Review | Logan Lucky
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Logan Lucky
Movie Critic Dave's Ratings
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2.5
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Movie Critic Dave's Ratings
Stars
2.5
Grade
User Stars
Total Votes: 4
Average Rating: 2.63
2.63
Rate!
0.0
Only members can vote
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Release:
August 18, 2017
Rated:
PG13
Run Time:
119 min
Homepage:
NA
Budget:
$29,000,000
Revenue:
$48,453,605
Review
By Movie Critic Dave

Early in 2013 Oscar-winning director Steven Soderbergh announced that he was through with Hollywood and declared Side Effects as his final film. Less than a handful of years have passed and Soderbergh is back in the game, re-teaming with his Magic Mike star Channing Tatum in the new screwball heist comedy Logan Lucky. The critics continue to fawn over Soderbergh's work, and although the film's hardly the type of effort to emerge from retirement to deliver, Logan Lucky marks another successful endeavor from the filmmaker.


After Jimmy Logan (Tatum) loses his job and then learns that his ex (Katie Holmes) plans to move their daughter further away than he finds acceptable, the one-time football star pitches a heist idea to his one-and-a-half-armed brother (Adam Driver). The siblings embark on an unconventional plan to rob a NASCAR venue on race-day that includes breaking a fellow partner (Daniel Craig) out of jail to pull this thing off. And with the odds stacked completely against them, and time certainly not on their side, the Logan brothers hope to break from their cursed family history.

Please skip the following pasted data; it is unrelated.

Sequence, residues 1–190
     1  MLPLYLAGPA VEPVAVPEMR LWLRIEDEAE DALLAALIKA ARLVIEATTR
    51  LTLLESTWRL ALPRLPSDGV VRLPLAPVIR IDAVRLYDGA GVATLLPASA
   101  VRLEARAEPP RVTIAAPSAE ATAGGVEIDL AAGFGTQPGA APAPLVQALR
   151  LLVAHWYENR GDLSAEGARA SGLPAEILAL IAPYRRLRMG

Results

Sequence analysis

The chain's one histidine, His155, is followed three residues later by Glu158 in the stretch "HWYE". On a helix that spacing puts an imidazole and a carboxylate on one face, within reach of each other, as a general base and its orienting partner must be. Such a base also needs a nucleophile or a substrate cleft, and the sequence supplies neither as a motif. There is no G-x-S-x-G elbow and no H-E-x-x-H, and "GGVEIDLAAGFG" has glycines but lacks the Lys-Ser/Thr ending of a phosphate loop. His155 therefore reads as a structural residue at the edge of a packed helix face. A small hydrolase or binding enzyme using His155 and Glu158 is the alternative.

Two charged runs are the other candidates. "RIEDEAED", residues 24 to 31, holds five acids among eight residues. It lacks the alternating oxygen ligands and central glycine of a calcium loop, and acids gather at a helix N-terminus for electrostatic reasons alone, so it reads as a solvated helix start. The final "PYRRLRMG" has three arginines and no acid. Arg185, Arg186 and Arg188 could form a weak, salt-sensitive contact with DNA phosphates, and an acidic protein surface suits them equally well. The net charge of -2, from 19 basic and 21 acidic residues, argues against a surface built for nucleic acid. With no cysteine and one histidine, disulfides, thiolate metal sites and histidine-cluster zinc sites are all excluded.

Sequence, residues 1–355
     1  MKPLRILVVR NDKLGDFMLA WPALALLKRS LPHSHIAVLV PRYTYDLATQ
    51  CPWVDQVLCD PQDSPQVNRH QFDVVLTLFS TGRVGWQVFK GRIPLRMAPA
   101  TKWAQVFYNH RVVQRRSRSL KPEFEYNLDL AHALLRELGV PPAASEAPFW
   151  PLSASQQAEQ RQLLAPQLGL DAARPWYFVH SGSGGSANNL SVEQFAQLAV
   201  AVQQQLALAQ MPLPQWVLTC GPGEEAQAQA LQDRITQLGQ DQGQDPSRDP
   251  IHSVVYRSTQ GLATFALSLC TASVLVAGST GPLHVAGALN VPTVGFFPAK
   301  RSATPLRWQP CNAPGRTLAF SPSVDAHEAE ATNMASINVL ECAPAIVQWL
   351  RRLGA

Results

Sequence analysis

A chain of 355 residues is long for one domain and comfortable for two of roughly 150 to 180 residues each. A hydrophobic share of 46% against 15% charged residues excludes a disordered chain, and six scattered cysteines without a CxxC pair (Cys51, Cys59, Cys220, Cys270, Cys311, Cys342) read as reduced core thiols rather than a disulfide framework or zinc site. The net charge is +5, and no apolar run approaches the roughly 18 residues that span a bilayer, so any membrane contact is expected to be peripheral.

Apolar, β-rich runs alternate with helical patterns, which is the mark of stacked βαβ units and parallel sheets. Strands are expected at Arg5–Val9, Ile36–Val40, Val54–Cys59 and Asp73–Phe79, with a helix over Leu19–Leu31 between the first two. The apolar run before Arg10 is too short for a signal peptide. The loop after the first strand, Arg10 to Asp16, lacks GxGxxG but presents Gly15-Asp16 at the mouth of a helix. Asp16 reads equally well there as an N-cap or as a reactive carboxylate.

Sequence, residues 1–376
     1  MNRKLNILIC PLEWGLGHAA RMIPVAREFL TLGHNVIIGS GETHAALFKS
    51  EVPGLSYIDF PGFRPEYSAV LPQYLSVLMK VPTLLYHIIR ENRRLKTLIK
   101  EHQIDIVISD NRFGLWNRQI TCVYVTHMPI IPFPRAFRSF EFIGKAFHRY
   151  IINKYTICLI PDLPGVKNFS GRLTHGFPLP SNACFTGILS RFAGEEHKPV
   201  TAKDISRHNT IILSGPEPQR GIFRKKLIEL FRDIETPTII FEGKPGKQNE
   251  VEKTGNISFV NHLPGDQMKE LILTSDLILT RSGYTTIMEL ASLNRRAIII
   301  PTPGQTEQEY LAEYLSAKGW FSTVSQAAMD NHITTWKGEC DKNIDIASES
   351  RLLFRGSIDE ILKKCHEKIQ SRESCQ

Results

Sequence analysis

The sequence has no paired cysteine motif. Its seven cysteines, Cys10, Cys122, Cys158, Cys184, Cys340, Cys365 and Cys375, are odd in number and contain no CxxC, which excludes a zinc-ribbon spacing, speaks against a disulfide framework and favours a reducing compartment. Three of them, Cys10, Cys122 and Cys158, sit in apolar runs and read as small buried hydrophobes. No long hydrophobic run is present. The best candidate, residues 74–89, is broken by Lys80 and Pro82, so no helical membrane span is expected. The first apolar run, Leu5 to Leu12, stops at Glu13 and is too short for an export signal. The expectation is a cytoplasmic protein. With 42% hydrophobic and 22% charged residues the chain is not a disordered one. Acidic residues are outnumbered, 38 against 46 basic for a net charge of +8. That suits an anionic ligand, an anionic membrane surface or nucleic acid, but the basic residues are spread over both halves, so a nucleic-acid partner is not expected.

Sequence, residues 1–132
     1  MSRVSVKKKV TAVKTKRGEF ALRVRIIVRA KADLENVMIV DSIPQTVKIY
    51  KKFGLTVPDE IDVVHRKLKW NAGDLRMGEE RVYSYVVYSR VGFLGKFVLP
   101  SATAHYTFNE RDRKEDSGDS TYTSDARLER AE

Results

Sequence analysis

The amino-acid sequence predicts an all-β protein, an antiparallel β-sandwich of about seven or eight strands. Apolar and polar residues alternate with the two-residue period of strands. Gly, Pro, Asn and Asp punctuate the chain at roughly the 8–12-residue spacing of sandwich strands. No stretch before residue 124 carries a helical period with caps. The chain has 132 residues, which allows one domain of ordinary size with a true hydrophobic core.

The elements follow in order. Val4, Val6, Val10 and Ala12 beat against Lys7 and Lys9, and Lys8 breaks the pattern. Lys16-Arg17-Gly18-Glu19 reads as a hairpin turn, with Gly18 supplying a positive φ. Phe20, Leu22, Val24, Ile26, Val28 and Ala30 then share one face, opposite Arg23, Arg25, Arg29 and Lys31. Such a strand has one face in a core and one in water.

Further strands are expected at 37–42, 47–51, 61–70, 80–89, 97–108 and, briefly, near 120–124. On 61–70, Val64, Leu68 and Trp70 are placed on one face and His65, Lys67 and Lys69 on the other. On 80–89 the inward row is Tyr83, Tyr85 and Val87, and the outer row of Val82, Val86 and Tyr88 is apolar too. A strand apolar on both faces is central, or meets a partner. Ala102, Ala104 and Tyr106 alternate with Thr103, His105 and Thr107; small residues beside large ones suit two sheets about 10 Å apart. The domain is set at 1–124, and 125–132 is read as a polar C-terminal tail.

As the visionary behind the Oceans trilogy, heist films are far from uncharted territory for Steven Soderbergh. Yet, he uses some familiar elements in conjunction with a fresh crop of quirky characters to deliver a smooth and enjoyable ride. Channing Tatum continues to show he's an effective lead, all while Adam Driver quietly steals the show. In tandem they provide enough laughs and slow-witted misdirection to help make the impossible a reality. Logan Lucky is never as hilarious as it should be, yet Rebecca Blunt's carefully crafted screenplay maneuvers through the robbery with masterful precision that helps solidify the film. Perhaps Logan Lucky's achievements are a bit embellished, thanks to an outpouring of critical adoration, but the film still stands as a strong return for Soderbergh.

 

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